LACMA and Guggenheim in Trouble

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The last few days definitely were not good for two major American museums with ambitious plans for their future. It started with an ultimatum the Guggenheim's flamboyant and controversial director, Thomas Krens, received from the museum's chairman, Peter Lewis. As the New York Times put it, Mr. Lewis presented Thomas Krens "with a 'tough love' choice: he could either bring the museum's tangled financial affairs in order, or start looking for another job." During a decade of dramatic expansion, the Guggenheim became an international brand name and the envy of every ambitious cultural institution, but it came with a price; the museum staff had to be cut in half plus a host of other problems cropped up even before the events of 9/11.

In the ten years since he joined the board, Mr. Lewis donated $62 million dollars to the museum. But eventually his patience and generosity got exhausted. He made a demand for the museum director to be fiscally responsible, but sweetened his "tough love" approach with an additional $12 million dollar donation to help the museum pay off its outstanding debts and start the new year with a clean slate.

In yet another article on this subject, New York Times critic says that "Bigger is not better, better is better". Then he adds, "the obsession of museums elsewhere with expansion and brand-name architecture, fostered by Mr. Krens' example, is an insidious legacy of the 90's." And indeed, today in the L.A. Times we read that the L.A. County Museum of Art decided to put on hold its $300 million dollar dream to replace the existing campus with an ambitious building by Rem Koolhaas. Neither Andrea Rich, museum President and Director, nor billionaire philanthropist Eli Broad, museum board member, seems ready to take responsibility for this turn of events. They cite the state of the economy, the lack of enthusiasm for their project among donors and, last but not least, the failure of Measure A, which prevented the museum from receiving public funds allegedly intended to retrofit existing buildings.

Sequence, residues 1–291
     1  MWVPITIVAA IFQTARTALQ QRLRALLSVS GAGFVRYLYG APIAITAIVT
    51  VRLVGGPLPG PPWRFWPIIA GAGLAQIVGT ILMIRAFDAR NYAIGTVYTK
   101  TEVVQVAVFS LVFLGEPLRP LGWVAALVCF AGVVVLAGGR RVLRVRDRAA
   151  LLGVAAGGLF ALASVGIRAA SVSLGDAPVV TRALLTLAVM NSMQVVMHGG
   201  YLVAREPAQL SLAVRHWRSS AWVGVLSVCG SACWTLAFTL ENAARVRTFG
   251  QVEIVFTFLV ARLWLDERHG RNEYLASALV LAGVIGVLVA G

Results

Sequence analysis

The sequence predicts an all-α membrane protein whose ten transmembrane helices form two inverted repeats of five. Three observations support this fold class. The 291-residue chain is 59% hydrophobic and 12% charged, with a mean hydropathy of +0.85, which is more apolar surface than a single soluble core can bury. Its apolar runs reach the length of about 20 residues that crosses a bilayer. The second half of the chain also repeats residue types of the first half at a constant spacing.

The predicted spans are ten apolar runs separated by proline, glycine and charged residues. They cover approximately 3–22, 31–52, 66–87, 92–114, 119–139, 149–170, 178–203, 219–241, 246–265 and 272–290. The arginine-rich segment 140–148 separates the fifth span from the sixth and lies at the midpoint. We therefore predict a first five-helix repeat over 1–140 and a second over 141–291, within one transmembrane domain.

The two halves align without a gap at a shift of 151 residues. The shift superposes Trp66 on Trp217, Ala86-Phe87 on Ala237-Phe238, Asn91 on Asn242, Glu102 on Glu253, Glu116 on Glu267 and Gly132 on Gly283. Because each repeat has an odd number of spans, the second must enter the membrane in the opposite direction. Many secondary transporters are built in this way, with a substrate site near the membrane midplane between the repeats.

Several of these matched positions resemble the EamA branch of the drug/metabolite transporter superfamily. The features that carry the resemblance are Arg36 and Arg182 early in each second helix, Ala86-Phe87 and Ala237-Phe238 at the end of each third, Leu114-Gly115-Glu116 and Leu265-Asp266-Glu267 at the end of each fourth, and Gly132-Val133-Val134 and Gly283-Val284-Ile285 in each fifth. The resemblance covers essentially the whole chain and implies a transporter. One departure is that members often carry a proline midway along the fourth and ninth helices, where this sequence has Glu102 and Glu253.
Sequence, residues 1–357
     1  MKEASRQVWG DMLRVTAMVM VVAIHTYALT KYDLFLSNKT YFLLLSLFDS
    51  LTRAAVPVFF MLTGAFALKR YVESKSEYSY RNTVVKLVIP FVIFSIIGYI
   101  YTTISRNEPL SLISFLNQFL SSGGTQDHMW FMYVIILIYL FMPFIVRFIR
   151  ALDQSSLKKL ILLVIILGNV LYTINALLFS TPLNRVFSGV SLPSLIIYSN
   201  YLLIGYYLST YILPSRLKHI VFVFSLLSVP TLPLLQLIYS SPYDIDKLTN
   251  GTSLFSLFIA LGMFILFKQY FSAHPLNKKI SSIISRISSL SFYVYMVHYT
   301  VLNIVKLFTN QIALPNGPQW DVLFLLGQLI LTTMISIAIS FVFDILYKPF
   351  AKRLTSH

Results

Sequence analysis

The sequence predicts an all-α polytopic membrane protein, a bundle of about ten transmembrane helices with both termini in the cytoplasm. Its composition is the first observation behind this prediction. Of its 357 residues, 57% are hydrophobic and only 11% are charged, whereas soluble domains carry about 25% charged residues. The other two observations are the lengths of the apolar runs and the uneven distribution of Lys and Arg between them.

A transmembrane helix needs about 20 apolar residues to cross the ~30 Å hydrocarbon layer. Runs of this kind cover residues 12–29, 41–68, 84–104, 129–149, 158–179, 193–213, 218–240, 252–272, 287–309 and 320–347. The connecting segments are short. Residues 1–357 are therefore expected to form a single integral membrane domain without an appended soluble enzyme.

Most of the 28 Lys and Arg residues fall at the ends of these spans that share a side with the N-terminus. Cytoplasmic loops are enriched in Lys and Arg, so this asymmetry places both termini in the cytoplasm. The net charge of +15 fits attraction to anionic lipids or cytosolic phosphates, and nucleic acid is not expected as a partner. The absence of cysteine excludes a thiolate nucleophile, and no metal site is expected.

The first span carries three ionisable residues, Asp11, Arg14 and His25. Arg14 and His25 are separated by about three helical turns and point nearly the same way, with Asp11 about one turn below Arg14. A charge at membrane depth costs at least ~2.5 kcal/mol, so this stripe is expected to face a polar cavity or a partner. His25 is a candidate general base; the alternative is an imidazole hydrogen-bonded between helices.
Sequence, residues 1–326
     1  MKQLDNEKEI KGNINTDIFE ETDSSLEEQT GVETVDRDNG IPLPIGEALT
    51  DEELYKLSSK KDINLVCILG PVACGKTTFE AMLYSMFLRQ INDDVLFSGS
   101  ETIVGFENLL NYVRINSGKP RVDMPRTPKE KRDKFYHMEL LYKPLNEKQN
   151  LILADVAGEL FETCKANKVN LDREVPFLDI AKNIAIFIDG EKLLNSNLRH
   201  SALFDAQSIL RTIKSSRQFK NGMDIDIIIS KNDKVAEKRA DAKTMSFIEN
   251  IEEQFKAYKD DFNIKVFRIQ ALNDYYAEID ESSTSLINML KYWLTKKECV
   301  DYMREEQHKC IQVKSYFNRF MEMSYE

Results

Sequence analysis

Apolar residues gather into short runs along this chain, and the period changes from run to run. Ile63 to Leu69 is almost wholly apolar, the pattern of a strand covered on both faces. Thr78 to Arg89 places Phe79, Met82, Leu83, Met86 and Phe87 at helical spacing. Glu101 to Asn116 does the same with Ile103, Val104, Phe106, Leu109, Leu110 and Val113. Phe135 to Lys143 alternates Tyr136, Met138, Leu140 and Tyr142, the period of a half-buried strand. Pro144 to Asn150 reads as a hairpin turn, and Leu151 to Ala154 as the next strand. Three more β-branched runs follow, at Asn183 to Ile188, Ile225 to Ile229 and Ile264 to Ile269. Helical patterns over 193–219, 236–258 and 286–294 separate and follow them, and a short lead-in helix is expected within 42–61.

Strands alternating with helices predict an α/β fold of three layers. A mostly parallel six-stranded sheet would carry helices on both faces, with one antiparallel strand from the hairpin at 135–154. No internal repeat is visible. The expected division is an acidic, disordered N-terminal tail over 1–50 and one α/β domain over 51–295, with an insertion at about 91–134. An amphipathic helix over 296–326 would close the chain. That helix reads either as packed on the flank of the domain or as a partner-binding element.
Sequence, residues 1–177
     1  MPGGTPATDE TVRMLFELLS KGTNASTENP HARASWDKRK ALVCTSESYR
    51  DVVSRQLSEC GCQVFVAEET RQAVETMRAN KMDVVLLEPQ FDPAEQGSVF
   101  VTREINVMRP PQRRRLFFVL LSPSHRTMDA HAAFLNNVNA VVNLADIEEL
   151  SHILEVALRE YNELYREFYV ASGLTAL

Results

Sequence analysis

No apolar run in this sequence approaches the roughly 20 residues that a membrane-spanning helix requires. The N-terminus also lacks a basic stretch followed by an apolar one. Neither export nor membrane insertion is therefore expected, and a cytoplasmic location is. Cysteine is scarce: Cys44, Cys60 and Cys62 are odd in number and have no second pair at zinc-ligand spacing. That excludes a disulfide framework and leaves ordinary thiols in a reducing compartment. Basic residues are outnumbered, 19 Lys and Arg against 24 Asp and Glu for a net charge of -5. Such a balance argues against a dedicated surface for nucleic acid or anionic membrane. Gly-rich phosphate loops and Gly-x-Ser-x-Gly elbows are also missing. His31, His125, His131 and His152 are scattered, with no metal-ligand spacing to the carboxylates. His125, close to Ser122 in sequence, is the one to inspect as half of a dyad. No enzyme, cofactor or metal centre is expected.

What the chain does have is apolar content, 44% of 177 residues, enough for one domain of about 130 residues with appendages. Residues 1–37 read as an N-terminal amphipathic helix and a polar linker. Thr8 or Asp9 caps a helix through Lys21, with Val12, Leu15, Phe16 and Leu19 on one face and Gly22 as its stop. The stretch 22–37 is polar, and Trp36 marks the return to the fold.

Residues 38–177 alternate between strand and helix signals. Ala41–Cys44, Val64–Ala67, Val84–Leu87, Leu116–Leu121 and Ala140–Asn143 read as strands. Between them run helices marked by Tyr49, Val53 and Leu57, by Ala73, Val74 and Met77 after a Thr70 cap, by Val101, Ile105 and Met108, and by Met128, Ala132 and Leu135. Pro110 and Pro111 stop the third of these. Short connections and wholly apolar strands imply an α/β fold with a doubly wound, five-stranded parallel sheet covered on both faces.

I believe it's time for the museum's leaders to stop looking for excuses and take a hard look at their priorities and accept their responsibilities. LACMA's reputation has not yet fully recovered from the dismal failure of its "Made In California" exhibition a couple of years ago. In another disappointment, despite the museum courting Eli Broad with an exhibition of his personal collection, the elusive philanthropist keeps dangling a carrot, promising a generous contribution without actually delivering it to the eager museum.

Meanwhile, the museum is in a financial crunch and the morale of the staff is low. Due to a lack of funds, a number of good exhibitions in the last couple of years were presented without catalogues or even opening nights. And now, in a colossal failure of judgement, LACMA rolled out a red carpet for a dismal show based on a sculptural collaboration between Farrah Fawcett and her young fan, Keith Edmier. Ironically, for this show funds became available for a big party, a glossy book and a free flyer for visitors to take. To add insult to injury, part of the permanent museum collection had to be removed to make space for this poor excuse for an exhibition.

Paraphrasing the immortal words of Prince Hamlet about troubles in Denmark, one starts to wonder what's really going on at our LACMA?